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The bloom usually falls fast from sunny start to Crop Progress reports.

Bryce Knorr, Contributing market analyst

June 13, 2022

4 Min Read
Field of young corn

Good beginnings don’t guarantee success. Just ask the Chicago Bears.

Devin Hester became the first NFL player to return the opening kickoff of a Super Bowl for a touchdown in 2007. The Monsters of the Midway lost the championship anyway to Peyton Manning’s Colts and haven’t done much since.

USDA’s initial Crop Progress condition reports of the season sometimes face a similar prospect. But will the 2022 corn crop turn out like the 2021 Bears (6-11 and again out of the playoffs) or the 1985 team of Super Bowl Shuffle fame, considered one of the best-ever?

The first nationwide corn ratings for 2022, released June 6, produced plenty of eyeroll emojis, pegging 73% of the crop in good or excellent condition. But history suggests that elevated rating won’t last long. Conditions on average declined 14% from the first to the last scores for the season. Only seven of the crops since 1986 wound up looking better than this year to the thousands of county agents and other observers who file the reports with USDA every week.

Last year’s initial conditions looked even better, with 76% good or excellent. By November that tally was down to 60%, and final yields came in only slightly better than average.

Ratings accuracy improves

Indeed, these Crop Progress reports have plenty of critics, whose boos ring as loudly as those around Soldier Field on Sundays.

Despite the criticism, however, when all is said and done the ratings remain one of the most reliable ways of estimating yields – as long as you don’t take the initial reports too seriously. There’s little if any correlation between the first report of the season and final yields. But over the last decade, the final ratings accounted for almost 98% of the variance in yields.

My forecasting model based on the final ratings last year published in mid-October put the corn yield at 176.5 bushels per acre, nearly three months before USDA’s annual reading of 177 bpa.

So when should you start listening to the ratings? By the fourth week of June, the model’s accuracy improves dramatically, and by the crucial Independence Day milestone ratings reflect more than 90% of the variance in yields.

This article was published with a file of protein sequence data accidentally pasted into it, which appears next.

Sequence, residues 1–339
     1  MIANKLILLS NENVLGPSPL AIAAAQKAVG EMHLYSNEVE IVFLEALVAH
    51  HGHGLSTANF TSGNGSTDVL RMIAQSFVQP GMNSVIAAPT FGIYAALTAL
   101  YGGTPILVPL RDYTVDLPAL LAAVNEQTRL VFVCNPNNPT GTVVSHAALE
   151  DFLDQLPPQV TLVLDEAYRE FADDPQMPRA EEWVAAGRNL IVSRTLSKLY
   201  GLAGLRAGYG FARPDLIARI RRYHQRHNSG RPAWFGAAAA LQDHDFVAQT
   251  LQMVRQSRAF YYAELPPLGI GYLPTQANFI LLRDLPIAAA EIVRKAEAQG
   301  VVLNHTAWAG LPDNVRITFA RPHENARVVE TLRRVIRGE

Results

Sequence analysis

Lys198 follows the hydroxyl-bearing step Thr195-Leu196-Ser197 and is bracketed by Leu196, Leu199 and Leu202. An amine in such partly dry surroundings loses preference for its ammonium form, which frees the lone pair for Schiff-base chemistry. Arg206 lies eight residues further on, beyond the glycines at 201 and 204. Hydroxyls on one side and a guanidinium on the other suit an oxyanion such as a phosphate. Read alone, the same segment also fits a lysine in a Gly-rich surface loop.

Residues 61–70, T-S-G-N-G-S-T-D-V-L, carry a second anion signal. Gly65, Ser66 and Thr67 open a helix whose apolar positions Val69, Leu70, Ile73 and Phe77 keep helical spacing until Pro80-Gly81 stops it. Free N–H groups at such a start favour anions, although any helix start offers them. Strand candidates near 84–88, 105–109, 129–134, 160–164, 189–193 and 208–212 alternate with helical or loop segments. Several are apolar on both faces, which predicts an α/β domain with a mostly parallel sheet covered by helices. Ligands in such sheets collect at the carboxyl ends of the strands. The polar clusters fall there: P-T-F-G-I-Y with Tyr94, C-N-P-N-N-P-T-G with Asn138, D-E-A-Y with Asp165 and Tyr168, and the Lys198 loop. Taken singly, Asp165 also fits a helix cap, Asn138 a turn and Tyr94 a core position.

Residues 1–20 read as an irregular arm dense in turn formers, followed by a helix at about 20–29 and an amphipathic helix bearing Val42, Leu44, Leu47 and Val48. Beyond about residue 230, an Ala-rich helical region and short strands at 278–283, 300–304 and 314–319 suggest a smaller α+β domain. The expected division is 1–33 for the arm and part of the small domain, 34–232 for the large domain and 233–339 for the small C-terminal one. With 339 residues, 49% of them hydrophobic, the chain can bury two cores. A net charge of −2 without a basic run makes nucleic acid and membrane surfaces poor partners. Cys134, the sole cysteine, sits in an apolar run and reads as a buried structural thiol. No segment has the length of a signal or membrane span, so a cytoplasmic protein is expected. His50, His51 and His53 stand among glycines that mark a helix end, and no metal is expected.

Vegetative Health Index readings already suggest the Crop Progress ratings are too high. The U.S. corn VHI last week translated into a good/excellent score of around 65%, in a range from 62% to 69% depending on the formula used. The 65% level is the equivalent of a 172.6 bpa yield based on early Crop Progress ratings in the past.

Changes from the first to last ratings of the year are also a good predictor of what will happen to both prices and yields, accounting for up to 80% of the variance in those measures. So, if final ratings come in at 65% good/excellent, the 8% decline predicts a corn yield of 176.3 bpa, with December futures rallies topping out around $7.63, a couple cents below the contract high close in May.

USDA report fallout

After a little weakness following the Crop Progress report June 6, December futures quickly firmed, helped by concerns over acreage and a move to challenge all-time highs by nearby soybeans. Friday’s World Agricultural Supply And Demand Report focused on old crop changes, including a 50-million bushel cut to corn exports. USDA may be a little too pessimistic on exports, but feed and ethanol demand could still be lower than forecast depending on how high summer prices affect usage.

Still, new crop remains the biggest question mark. USDA raised its forecast of 2022-2023 carryout, reflecting the increase in old crop stocks. But all eyes will be on the June 30 acreage report, which could show 2 million or more acres lost on the northern Corn Belt. If that’s close, even a small drop in yields could tighten leftover stocks on Aug. 31, 2023 to just 1 billion bushels, enough to generate rallies above $8. That should make the weekly progress reports a must-read.

USDA says it will begin publishing ratings for soybeans this week, in a market that appears to need just about every bean the U.S. can grow. The government raised its forecast of old crop exports by 30 million bushels, and that outlook aligns with what weekly Export Sales data suggests. Even if rationing offsets the impact of lower production, higher prices will be needed for bushels lost in the field. Accomplishing that could take a rally to $17 and perhaps above $18.

China’s reopening from COVID lockdowns will be closely watched to see if economic growth – and demand for soybean imports – can recover. With the U.S. stock market closing in on bear market country thanks to a near-record inflation reading last week for May, China’s rebound is far from assured.

Corn ratings and price rallies graph

Knorr writes from Chicago, Ill. Email him at [email protected]

The opinions of the author are not necessarily those of Farm Futures or Farm Progress. 

About the Author(s)

Bryce Knorr

Contributing market analyst, Farm Futures

Bryce Knorr first joined Farm Futures Magazine in 1987. In addition to analyzing and writing about the commodity markets, he is a former futures introducing broker and Commodity Trading Advisor. A journalist with more than 45 years of experience, he received the Master Writers Award from the American Agricultural Editors Association.

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